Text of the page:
Monday, January 08, 2007

A Way Out of the Stem Cell Impasse

When Republicans and Democrats joined forces in a rare display of bipartisanship last July to pass a stem cell research bill, George W. Bush exercised his first and, so far, only veto. Congress was unable to muster the two thirds necessary in each chamber to override it.

Now, however, Democrats rule the Congressional roost. And they are set to reintroduce the same bill hoping they can gather the required number of votes this time to make sure it passes.

This creates a dilemma for Bush and the Republican minority. American voters clearly support stem cell research; otherwise the legislation would never have enjoyed so much GOP support. If Bush vetoes it again, he will have demonstrated that his rhetoric calling for bipartisanship is as empty as the void where his human soul ought to be.

The Shrub may be in a far weaker position politically than he was last year, but he still panders to the religious right; it is unlikely he will be swayed by reason given his track record for ignoring it on Iraq. Yet any veto can only further damage the GOP in the public eye. And even if Bush proves unable to prevent the stem cell bill from becoming law, he will simply issue yet another illegal signing statement voiding it. This will certainly shrink the Republicans' already slim chances of retaining the party's stranglehold on the White House next year.

Democrats may win the public battle over stem cell research, but they still won't be able to win the battle with the White House. And in that regard, despite whatever harm will befall Republicans' already weakened hold on power in 2008, the Shrub still wins.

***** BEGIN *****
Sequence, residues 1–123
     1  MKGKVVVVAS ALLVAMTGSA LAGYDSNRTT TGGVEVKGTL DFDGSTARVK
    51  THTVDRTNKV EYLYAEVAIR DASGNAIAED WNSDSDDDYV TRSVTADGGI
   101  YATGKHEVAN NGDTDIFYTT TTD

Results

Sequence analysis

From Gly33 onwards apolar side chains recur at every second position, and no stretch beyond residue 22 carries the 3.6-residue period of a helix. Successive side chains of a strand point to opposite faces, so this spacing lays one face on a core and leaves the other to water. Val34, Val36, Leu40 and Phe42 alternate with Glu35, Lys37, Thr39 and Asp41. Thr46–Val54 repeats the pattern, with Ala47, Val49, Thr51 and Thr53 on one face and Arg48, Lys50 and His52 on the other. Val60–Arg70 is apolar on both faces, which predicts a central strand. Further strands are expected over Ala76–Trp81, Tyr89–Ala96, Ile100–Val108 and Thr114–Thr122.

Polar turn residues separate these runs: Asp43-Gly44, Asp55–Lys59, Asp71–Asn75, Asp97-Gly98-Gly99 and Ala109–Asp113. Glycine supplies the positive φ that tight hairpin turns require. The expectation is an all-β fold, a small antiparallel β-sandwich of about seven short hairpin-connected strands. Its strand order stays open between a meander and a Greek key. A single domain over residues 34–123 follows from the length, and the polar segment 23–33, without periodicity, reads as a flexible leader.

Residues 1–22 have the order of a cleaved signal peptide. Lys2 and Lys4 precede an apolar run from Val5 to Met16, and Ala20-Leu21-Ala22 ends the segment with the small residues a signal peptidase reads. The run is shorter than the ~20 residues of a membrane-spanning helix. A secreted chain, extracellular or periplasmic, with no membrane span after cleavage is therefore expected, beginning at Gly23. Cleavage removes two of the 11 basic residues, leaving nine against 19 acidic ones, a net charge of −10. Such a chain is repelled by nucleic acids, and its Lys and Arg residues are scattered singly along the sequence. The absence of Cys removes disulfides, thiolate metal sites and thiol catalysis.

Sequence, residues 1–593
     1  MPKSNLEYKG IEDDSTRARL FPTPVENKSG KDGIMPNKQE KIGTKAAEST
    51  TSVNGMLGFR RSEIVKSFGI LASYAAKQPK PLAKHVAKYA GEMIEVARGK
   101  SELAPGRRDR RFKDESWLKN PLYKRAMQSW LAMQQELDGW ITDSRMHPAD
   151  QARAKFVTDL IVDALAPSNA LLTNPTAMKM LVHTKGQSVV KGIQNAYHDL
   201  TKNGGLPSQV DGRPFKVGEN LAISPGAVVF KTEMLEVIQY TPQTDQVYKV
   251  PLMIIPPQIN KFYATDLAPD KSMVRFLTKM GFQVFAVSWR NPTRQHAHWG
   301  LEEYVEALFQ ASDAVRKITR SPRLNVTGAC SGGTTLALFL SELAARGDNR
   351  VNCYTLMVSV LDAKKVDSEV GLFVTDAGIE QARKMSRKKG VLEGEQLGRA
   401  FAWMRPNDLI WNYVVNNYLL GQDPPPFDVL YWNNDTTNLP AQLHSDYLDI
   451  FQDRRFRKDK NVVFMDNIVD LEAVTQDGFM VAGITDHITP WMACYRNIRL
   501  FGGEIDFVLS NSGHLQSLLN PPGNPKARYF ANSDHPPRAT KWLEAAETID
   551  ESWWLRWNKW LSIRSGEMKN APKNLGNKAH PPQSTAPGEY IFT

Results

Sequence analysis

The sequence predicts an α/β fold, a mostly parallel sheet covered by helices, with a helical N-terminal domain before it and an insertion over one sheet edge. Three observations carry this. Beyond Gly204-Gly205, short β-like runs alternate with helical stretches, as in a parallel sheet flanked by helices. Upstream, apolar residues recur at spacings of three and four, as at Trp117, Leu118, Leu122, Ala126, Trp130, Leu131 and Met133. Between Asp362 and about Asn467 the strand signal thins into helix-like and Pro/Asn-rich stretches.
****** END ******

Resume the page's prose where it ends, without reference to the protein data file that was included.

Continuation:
It looks as if this will be the first of many stalemates between Bush and Democrats, just as he threatened January 3rd in an op-ed published in the conservative Wall Street Journal.

But there may be a way out of this situation, for Bush and for Democrats. Reuters has reported on a new potential source of stem cells found in amniotic fluid.

If Democrats and moderate Republicans can attach an amendment to the stem cell research bill providing funding for the use of amniotic fluid-produced lines, they may be able to strip away the only real reason the religious right has for opposing embryonic stem cell research—that it is immoral because it destroys human zygotes.

Once the influence of the religious right is taken out of the equation, Bush will have a harder time justifying a veto. And polls show the majority of Americans support stem cell research.

Stem cells taken from amniotic fluid are not quite as powerful as embryonic ones. But they are apparently easier to grow than their embryonic counterparts. And unlike embryonic cells, the amniotic variety does not form benign tumors called teratomas.

If Bush is serious about bipartisanship, he will work with Democrats to pass a stem cell research bill providing funding for amniotic-based lines. And Democrats will have bragging rights over passage of one of their First 100 Hours bills.

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